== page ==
author = "Sradha Kotwal and Angela Webster and Alan Cass and Martin Gallagher",
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Rural Versus Urban Health Service Utilization and Outcomes for Renal Patients in New South Wales : Protocol for a Data Linkage Study. / Kotwal, Sradha; Webster, Angela; Cass, Alan; Gallagher, Martin.

In: JMIR Research Protocols, Vol. 4, No. 2, e73, 06.2015, p. 1-9.

Research output: Contribution to journalComment/debateResearch

TY - JOUR

T1 - Rural Versus Urban Health Service Utilization and Outcomes for Renal Patients in New South Wales

T2 - Protocol for a Data Linkage Study

AU - Kotwal, Sradha

AU - Webster, Angela

AU - Cass, Alan

AU - Gallagher, Martin

PY - 2015/6

Y1 - 2015/6

N2 - Background: Kidney disease is a significant burden on health systems globally, with the rising prevalence of end stage kidney disease in Australia mirrored in many other countries. Approximately 25% of the Australian population lives in regional and rural areas and accessing complex tertiary services is challenging.Objective: We aim to compare the burden and outcomes of chronic kidney disease and end stage kidney disease in rural and urban regions of New South Wales (Australia’s most populous state)using linked health data.Methods: This is a retrospective cohort study and we have defined two cohorts: one with end stage kidney disease and one with chronic kidney disease. The end stage kidney disease cohort was defined using the Australia and New Zealand Dialysis and Transplant Registry,identifying all patients living in NSW receiving renal replacement therapy at any time between 01/07/2000 and 31/07/2010. The chronic kidney disease cohort used the NSW Admitted Patient Data Collection (APDC) to identify patients with a diagnostic code relating to chronic renal failure during any admission between 01/07/2000 and 31/07/2010. Both cohorts were linked to the NSW APDC,the Registry of Births, Deaths and Marriages, and the Central Cancer Registry allowing derivation of outcomes by categories of geographical remoteness.Results: To date, we have identified 10,505 patients with 2,384,218 records in the end stage kidney disease cohort and 159,033 patients with 1,599,770 records in the chronic kidney disease cohort.Conclusions: This study will define the geographical distribution of end stage and chronic kidney disease and compare the health service utilization between rural and urban renal populations.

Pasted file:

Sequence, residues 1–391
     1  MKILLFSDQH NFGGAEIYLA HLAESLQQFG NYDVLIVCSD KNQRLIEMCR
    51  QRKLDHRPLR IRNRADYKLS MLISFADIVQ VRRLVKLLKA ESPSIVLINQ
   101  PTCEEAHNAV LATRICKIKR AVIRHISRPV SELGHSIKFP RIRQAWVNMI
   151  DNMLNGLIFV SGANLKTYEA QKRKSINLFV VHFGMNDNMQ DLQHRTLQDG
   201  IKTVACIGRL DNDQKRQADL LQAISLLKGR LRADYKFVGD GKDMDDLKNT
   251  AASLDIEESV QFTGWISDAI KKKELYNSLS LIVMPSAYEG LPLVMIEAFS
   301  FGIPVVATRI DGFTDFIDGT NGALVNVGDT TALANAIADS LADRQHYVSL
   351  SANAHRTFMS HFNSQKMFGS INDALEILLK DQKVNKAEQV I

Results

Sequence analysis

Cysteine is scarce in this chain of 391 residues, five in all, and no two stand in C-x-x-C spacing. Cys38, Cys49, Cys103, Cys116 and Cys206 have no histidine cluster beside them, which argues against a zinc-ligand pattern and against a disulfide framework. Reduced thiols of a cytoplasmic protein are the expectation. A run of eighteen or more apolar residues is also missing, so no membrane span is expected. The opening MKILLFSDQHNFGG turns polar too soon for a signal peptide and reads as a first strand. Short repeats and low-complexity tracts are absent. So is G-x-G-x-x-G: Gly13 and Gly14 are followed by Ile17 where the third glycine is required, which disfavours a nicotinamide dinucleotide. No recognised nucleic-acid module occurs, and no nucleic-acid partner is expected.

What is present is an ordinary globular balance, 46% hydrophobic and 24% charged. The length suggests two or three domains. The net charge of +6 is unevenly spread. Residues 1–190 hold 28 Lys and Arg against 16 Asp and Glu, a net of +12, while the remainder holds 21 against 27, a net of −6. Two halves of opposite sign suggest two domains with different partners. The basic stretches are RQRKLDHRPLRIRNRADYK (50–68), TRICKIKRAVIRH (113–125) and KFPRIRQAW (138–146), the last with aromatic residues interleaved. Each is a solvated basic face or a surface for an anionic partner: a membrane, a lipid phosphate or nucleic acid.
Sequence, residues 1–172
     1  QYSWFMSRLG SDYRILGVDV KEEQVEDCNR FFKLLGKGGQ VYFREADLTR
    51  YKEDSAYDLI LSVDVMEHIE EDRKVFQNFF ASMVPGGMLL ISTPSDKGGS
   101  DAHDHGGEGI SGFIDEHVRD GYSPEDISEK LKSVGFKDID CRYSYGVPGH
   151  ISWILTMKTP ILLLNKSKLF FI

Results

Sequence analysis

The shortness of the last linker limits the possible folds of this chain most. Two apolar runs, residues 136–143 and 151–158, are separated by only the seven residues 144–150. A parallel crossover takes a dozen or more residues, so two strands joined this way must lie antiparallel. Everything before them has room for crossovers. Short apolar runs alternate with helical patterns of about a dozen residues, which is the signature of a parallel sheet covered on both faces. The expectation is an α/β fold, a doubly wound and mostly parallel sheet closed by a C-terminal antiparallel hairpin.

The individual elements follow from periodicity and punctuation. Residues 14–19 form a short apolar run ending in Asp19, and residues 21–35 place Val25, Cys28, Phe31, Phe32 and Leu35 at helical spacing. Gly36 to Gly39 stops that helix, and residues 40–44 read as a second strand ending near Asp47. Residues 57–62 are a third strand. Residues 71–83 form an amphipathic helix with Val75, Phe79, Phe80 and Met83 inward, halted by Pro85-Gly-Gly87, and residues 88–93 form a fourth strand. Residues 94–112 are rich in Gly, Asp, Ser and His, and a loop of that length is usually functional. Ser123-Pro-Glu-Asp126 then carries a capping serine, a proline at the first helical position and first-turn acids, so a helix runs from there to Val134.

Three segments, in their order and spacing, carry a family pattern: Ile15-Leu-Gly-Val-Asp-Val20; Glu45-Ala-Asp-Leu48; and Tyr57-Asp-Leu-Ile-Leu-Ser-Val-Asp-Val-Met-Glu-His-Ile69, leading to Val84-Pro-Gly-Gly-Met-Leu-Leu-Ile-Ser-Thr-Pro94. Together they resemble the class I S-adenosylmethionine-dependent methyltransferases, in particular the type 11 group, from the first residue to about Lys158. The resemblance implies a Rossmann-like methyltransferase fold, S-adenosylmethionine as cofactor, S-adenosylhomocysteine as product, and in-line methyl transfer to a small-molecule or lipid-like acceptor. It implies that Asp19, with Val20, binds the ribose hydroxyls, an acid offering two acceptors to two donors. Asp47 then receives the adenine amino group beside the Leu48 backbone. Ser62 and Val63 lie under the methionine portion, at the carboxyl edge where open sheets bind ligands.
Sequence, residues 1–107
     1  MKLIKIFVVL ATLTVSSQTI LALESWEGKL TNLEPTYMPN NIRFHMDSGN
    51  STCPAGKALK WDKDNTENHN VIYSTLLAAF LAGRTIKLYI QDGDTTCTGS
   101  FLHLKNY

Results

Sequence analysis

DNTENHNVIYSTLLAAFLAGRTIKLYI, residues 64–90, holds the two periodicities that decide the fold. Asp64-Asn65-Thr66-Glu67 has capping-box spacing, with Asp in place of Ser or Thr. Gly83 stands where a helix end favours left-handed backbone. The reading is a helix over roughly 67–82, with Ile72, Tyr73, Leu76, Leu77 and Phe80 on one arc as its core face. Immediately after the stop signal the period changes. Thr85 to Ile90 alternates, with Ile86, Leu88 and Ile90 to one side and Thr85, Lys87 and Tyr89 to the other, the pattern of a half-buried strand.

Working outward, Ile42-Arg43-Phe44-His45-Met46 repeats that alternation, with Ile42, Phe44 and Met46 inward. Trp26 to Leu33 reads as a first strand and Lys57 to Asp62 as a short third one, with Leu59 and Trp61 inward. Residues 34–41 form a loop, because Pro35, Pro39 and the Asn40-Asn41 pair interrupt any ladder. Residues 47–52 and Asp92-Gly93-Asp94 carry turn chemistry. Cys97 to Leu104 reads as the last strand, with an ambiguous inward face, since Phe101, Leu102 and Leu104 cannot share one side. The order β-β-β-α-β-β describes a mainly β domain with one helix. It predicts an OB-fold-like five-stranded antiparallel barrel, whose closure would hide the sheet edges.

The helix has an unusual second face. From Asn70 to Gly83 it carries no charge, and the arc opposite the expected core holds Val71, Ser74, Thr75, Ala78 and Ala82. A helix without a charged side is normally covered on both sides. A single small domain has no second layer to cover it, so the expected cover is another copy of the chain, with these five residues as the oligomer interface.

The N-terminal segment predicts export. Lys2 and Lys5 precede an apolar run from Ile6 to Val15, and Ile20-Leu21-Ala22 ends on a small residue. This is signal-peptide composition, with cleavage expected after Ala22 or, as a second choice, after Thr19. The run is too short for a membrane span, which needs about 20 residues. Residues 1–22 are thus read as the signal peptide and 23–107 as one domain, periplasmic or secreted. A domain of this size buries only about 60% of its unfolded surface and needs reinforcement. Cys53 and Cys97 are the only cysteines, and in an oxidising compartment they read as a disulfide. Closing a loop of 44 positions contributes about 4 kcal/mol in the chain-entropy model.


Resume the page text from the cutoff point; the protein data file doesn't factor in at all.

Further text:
AB - Background: Kidney disease is a significant burden on health systems globally, with the rising prevalence of end stage kidney disease in Australia mirrored in many other countries. Approximately 25% of the Australian population lives in regional and rural areas and accessing complex tertiary services is challenging.Objective: We aim to compare the burden and outcomes of chronic kidney disease and end stage kidney disease in rural and urban regions of New South Wales (Australia’s most populous state)using linked health data.Methods: This is a retrospective cohort study and we have defined two cohorts: one with end stage kidney disease and one with chronic kidney disease. The end stage kidney disease cohort was defined using the Australia and New Zealand Dialysis and Transplant Registry,identifying all patients living in NSW receiving renal replacement therapy at any time between 01/07/2000 and 31/07/2010. The chronic kidney disease cohort used the NSW Admitted Patient Data Collection (APDC) to identify patients with a diagnostic code relating to chronic renal failure during any admission between 01/07/2000 and 31/07/2010. Both cohorts were linked to the NSW APDC,the Registry of Births, Deaths and Marriages, and the Central Cancer Registry allowing derivation of outcomes by categories of geographical remoteness.Results: To date, we have identified 10,505 patients with 2,384,218 records in the end stage kidney disease cohort and 159,033 patients with 1,599,770 records in the chronic kidney disease cohort.Conclusions: This study will define the geographical distribution of end stage and chronic kidney disease and compare the health service utilization between rural and urban renal populations.

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DO - 10.2196/resprot.3299

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SN - 1929-0748

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ER -